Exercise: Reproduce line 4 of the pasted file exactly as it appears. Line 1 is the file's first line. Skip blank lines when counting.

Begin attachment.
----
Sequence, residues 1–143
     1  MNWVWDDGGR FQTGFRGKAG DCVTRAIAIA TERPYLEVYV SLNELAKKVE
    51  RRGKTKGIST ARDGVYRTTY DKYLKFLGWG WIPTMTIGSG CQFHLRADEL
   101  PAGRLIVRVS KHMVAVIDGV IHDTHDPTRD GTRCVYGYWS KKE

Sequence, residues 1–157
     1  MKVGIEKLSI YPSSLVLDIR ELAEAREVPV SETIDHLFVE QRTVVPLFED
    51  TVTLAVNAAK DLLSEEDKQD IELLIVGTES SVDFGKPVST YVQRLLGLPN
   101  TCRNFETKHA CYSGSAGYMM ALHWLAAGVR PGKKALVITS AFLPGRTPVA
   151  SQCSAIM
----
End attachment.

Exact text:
   101  PAGRLIVRVS KHMVAVIDGV IHDTHDPTRD GTRCVYGYWS KKE